Anime Maru’s Guide to Discussing Anime

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Over the course of your anime career, you are bound to encounter people who share your hobby. Talking about anime with other people can be very intimidating; how are you going to tell so many people they have wrong opinions? Fortunately for you, we here at Anime Maru have compiled the definitive guide to talking about anime that is used by countless bloggers, forum posters, and Twitter users.

First of all, we need to be able to intelligently describe anime. Not all anime fit perfectly into the mold of action, drama, and hentai. When it is unclear what genre a show belongs in, it is slice of life. Since no one actually knows what “slice of life” means, feel free to use the term to describe any show. Romance anime involve characters falling for each other. “Harem anime” is the term for really bad romance anime. “Eroge adaptation” is the term for really bad harem anime. Of course, these are all slice of life anime as well. If a show has giant robots, then it’s a ripoff of Tengen Toppa Gurren Lagann. If a show has cute girls and death, then it’s inspired by Madoka Magica. I know this is a lot of information coming at you at the same time, but try to keep up.

Sometimes shows are kind of boring. I, too, occasionally prefer to watch bright colors and flashing lights instead of sitting still and comprehending dialogue. Unfortunately, many anime dare to have an exposition. Calling a show “boring” makes you sound impatient; don’t make this mistake. Instead claim a show has problems with “pacing.” What’s great about this is that you don’t even need to qualify it. Is there too much talking and not enough fanservice? Is there too much fanservice and not enough talking? Can’t quite put a finger on why you don’t like a show? Bad pacing.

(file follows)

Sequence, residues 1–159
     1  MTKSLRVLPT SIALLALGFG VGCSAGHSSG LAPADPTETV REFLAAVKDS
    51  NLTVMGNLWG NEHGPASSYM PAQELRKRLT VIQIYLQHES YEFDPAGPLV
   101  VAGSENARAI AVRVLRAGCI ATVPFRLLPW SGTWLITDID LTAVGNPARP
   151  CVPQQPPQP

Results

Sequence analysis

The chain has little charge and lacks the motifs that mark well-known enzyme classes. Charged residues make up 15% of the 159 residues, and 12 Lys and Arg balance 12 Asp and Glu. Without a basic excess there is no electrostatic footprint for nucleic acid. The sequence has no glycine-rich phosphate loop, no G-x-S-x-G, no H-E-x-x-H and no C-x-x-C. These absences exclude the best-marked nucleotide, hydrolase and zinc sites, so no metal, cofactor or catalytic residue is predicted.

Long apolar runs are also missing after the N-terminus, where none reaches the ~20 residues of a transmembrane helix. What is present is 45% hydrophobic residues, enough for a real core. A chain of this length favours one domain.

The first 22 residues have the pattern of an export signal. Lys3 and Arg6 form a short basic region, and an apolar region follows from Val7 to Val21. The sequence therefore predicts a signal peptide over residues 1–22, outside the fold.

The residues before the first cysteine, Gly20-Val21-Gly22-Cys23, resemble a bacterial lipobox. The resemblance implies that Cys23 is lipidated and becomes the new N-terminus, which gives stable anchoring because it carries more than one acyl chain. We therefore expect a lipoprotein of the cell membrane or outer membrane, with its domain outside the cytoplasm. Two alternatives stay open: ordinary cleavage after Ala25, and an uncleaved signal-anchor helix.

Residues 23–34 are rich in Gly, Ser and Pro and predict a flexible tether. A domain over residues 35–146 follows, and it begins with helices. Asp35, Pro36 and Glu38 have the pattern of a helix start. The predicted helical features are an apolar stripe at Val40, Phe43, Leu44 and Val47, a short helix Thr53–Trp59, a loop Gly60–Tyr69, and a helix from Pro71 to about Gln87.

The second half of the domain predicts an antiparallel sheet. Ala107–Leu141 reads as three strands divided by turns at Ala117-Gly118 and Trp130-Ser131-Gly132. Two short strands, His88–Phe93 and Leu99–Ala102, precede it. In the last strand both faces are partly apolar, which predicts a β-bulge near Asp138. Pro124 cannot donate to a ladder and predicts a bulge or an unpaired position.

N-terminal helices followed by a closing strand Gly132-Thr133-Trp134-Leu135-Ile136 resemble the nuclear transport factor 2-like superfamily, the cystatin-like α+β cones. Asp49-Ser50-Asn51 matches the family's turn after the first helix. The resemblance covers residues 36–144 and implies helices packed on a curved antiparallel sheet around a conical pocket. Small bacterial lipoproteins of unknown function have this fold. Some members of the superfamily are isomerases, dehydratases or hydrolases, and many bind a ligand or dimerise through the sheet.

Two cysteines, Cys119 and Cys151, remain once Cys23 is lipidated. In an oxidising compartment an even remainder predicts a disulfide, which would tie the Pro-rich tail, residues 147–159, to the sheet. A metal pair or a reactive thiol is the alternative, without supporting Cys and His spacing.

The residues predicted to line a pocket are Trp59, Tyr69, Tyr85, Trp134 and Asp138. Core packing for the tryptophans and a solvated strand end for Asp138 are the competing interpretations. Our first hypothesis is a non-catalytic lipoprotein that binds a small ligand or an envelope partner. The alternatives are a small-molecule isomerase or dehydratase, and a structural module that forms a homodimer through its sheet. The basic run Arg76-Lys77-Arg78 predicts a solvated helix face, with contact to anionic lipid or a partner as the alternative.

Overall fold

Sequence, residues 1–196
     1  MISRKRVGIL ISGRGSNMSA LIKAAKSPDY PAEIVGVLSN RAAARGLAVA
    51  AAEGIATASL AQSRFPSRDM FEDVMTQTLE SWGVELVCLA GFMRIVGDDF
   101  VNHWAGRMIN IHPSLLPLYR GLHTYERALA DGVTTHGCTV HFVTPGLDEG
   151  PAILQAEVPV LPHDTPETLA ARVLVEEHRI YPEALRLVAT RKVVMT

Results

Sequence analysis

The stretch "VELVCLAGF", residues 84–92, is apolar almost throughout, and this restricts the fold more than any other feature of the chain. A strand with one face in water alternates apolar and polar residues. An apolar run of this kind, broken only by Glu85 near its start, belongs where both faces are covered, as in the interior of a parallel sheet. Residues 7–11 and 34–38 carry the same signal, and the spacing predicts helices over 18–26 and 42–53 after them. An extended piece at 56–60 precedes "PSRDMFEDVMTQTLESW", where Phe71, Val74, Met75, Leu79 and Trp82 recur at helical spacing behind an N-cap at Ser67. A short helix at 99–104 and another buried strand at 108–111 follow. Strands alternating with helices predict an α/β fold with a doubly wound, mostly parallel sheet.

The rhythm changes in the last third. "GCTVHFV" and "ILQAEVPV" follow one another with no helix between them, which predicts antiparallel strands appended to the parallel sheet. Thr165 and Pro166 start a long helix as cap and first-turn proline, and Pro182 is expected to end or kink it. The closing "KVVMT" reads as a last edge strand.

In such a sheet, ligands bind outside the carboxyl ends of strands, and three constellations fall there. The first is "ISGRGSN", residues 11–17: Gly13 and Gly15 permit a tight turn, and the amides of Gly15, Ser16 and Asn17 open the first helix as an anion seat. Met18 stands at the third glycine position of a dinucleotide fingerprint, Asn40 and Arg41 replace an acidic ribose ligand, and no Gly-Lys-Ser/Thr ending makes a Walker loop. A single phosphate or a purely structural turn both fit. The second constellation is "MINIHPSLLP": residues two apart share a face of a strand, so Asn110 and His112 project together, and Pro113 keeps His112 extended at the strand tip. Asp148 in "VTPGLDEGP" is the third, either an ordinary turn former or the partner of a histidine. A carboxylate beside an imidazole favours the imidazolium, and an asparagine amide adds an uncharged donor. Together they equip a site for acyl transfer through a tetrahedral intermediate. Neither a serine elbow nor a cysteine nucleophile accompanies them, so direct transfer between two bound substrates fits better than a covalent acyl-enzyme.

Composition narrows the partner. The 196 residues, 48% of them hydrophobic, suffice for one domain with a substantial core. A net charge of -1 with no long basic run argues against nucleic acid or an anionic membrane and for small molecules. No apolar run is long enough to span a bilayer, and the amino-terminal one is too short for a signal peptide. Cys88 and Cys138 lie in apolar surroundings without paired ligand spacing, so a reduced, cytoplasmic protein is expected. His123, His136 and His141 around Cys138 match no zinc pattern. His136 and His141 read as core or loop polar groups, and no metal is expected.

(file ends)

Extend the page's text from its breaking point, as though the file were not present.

A word of warning: be careful when criticizing the pacing of shows with lots of dialogue, especially if the dialogue is “deep.” You don’t want to give people the impression that you are not smart enough to understand complex dialogue. When confronted such shows, simply say the anime is “like Bakemonogatari.” That will do the trick.

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“Hey guys what anime is this from???”

Next, it is important to understand how to critique a show for its production quality. Have you seen a few episodes of Shirobako? If so, congratulations – you are already an expert in the field of animation production. If not, let me educate you quickly.

Because animators love drawing, and because animation studios are typically overstaffed with aspiring artists, you should expect each individual frame of all late night anime to look like an entry into the Pixiv 1000. Should the show fall short of these standards, you can say things like, “the episode’s in-between-animation was out of sync,” or “I suspect the key frames were rushed.” Nothing can escape your astute eye for animation. The critical point is to throw in a random word associated with the animation process (just pick a category from the end credits). Don’t forget to claim that the work was outsourced to any Asian country other than Japan. You can further impress people by being able to tell which country it was just by watching the finished product. Finally, you can complain about the CGI. As a rule of thumb, if there is CGI it is “bad CGI.”

Occasionally, shows will come along that actually have good, praiseworthy animation. In this case, you can sound intelligent by comparing the animation style to Miyazaki. This will show your audience that you are both cultured and knowledgeable about Japanimation. When naming specific Miyazaki films, be sure to steer clear of Spirited Away and Princess Mononoke and instead bring up his more obscure works like Monmon the Water Spider and Ponyo. If you want to appeal to more contemporary audiences, I advise you to compare to Makoto Shinkai instead.

Finally, remember that all anime are bad. People who like anime obviously have not seen enough anime.

You are now ready to start your own anime blog or sign up for the ANN forums. Ganbatte.

discussing anime for dummies

About the author

Editor-in-Chief, CEO, and Fearless Leader of Anime Maru. He was trained by the North Korean People's Institute of Journalism and Media. kevo follows voice actresses on Twitter and pretends to understand their Japanese tweets. Twitter: @kevo31415